Four W’s (and an H) of Delegation

When you become a manager, delegation quickly becomes a huge part of your job. It’s exciting, but also a little daunting. Below is a little snippet from Nomadic’s new Delegation module. When you do it right, delegating can motivate teams to work harder, more confidently, and more successfully. But if you delegate carelessly, it can demotivate people and put the team’s trust in you at risk. Not good.

Here are a few things to think about each time you consider delegating a particular task:

What: Before passing a task onto someone else, make sure you are crystal clear about what the task is and have a good idea of what the results should look like. Ask yourself: Can you clearly articulate what the project entails and answer questions your team might have? Is there room in this project for the sort of creativity that a fresh perspective would provide?

Who: Knowing your people and delegating accordingly will show your team that you have confidence in them. But assigning tasks randomly can have the opposite effect. Who is the right person for this job? Have I prepared this person to succeed at this task Does this person have the time, skills, and support necessary to do this job well?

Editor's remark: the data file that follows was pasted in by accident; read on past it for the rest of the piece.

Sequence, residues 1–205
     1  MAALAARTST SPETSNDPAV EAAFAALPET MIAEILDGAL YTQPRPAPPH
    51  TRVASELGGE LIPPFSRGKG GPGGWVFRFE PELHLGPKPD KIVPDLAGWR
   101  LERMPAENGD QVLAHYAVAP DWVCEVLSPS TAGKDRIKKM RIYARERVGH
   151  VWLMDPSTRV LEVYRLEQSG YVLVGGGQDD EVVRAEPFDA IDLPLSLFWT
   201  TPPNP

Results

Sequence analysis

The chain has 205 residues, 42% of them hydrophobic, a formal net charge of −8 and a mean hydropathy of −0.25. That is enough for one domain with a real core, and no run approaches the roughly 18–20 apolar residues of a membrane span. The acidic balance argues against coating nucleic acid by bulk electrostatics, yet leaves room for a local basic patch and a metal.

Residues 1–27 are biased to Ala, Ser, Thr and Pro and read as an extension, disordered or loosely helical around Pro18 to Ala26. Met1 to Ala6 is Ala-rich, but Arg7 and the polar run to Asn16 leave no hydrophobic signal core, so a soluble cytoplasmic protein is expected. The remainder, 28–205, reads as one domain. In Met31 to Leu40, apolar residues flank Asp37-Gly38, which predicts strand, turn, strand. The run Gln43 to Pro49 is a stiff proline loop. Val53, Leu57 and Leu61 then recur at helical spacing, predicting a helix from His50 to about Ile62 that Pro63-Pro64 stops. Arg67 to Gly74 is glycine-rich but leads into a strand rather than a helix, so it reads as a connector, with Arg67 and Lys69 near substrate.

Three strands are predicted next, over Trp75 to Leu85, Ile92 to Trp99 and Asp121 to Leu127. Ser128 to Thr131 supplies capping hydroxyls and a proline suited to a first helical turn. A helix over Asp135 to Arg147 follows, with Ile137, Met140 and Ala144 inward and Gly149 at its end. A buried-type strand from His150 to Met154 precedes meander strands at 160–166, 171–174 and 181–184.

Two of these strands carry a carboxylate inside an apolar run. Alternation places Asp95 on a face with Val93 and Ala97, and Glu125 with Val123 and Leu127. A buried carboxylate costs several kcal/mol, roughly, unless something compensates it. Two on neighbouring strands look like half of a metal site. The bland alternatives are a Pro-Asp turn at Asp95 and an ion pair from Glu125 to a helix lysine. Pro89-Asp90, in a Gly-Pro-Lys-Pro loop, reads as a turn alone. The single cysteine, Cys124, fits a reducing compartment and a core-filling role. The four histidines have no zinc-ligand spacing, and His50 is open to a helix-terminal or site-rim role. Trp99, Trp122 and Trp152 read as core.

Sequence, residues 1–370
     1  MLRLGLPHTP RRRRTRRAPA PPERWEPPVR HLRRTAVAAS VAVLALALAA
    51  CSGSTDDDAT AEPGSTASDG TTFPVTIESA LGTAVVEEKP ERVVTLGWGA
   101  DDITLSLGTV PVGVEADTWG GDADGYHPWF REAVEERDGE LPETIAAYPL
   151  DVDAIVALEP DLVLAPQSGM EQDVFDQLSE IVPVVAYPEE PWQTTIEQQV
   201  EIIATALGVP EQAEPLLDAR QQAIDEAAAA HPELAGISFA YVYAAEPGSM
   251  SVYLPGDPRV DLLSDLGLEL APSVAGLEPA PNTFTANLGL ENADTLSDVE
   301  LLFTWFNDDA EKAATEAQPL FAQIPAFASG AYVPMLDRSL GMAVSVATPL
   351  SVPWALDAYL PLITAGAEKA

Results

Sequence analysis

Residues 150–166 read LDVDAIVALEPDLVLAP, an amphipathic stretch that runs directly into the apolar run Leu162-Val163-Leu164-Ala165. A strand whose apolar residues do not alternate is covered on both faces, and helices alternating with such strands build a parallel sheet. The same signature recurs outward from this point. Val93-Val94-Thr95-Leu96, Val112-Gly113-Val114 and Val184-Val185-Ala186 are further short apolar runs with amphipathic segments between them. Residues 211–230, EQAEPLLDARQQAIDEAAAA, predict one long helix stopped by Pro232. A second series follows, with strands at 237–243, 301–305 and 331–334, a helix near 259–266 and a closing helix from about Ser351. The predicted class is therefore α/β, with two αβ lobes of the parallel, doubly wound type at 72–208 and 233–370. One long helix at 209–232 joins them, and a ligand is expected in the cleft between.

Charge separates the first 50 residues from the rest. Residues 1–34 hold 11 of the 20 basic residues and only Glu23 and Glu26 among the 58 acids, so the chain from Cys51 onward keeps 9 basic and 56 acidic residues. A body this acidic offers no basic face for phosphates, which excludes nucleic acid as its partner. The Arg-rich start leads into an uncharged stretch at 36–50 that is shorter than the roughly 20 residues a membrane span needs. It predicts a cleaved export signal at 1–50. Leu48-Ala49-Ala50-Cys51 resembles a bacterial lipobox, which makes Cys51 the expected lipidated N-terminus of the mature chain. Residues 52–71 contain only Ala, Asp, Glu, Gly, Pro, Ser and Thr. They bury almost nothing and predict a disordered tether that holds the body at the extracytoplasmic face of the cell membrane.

When: Knowing when your task is due and properly communicating that is a no-brainer. But there’s more to it than that. Understanding the task’s level of urgency will help you decide who should do it and how much support they will need.
How urgent is this project? Do you have time to properly explain it to your team before it’s due?

Why: The reason this task exists matters — to you and your team––matters. Why is this task important? Why have you chosen this particular person to complete it?

How: Having a firm grasp on how you’ll manage the whole delegation process is key. How does this task fit into the bigger picture of success for your team and for the person you’re delegating to? How will you go about delegating it, and how should the person go about completing it? How will you support them? (or stay out of their way)?

After a Framework like this, we ask learners to respond with their thoughts and experiences. If you’re a manager, how do you handle delegation? If you’re not, how could your manager be a better delegator?